In the spring with some of the funds from the SARE grant, we plan to plant more fruit trees, including Asian pear, disease tolerant apples, cherries, plums, apricots and peaches. This project will be on-going in the years to come with planting of more nitrogen fixing species and the cultivation of tree guilds of supporting perennial fruiting shrubs and herb. Our horizon forest garden layout is shown in figure 3. Representing over 25 edible species so far.
By Daniel Dermitzel, Kansas City Center for Urban Agriculture
Here at the Kansas City Center for Urban Agriculture we have been growing annual vegetables for many years. We have worked with farmers throughout Kansas City to develop and share better growing techniques to make small-scale urban agriculture more profitable.
More recently, some of us have become interested in soil-conserving agriculture, first no-till vegetable production and now multi-story perennial food forests. For those of us who are dependent on steady incomes from intensive vegetable production, these methods may sound impractical or difficult because they seem to require a lot of labor and / or knowledge, or in some cases produce a smaller harvest per acre than we have come to expect.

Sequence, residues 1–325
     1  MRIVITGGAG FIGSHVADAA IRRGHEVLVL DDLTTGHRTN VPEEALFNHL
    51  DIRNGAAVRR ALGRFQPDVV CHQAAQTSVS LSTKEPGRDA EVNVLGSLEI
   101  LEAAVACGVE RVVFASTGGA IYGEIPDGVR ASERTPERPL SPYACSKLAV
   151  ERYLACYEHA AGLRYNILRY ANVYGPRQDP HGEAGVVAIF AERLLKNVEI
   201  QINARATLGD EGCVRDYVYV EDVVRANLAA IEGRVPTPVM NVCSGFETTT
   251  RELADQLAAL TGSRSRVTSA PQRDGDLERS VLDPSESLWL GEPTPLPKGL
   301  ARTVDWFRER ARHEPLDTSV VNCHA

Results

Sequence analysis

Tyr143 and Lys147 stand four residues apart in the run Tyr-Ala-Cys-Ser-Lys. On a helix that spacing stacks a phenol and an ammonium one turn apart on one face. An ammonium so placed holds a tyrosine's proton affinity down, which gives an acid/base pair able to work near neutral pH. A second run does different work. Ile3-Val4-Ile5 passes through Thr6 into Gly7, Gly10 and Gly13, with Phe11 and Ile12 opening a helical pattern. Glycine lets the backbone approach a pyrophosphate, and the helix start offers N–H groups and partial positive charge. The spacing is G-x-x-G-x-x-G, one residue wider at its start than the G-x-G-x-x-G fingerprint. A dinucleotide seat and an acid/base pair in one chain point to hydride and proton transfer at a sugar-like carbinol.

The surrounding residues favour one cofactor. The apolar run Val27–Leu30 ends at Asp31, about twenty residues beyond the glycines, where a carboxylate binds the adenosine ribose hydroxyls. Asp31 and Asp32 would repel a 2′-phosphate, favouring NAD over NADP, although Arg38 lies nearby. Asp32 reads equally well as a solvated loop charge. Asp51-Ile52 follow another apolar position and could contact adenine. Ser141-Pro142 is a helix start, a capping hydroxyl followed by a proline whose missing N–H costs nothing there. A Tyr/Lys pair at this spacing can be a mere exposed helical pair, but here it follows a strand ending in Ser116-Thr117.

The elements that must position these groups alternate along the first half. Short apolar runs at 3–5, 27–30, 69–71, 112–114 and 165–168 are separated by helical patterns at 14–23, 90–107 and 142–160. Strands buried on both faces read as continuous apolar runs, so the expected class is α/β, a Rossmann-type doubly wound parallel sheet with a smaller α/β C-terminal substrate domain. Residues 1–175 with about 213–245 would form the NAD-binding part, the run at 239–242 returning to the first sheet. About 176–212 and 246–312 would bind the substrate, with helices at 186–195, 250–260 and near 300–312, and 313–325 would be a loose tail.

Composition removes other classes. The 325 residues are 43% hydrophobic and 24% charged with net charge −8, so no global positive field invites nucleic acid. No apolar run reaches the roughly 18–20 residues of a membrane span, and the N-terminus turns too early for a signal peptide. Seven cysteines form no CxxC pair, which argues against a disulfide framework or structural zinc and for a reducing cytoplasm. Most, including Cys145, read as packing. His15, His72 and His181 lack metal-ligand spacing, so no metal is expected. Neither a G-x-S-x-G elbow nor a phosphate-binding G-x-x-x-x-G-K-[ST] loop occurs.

But the reasons to switch at least some of our land to soil-conserving techniques including food forests are powerful: less maintenance and inputs in the long run; soil conservation and carbon sequestration as well as insect and wildlife habitat. And perhaps food forests will one day become the way we plant our urban greenspaces and parks?
At KCCUA we have received funding from the Audubon Society and Toyota to take small steps toward converting a suburban quarter acre field from annual vegetable production to a food forest. We are starting from scratch, with little prior knowledge of perennial crops and we’re learning as we go along. We’ve read a lot of books to learn the basic principles of forest gardening and, more importantly, we have consulted with many local experts (many of them members of the Kaw Permaculture Collaborative) and we thank them and the Collaborative very much for their guidance.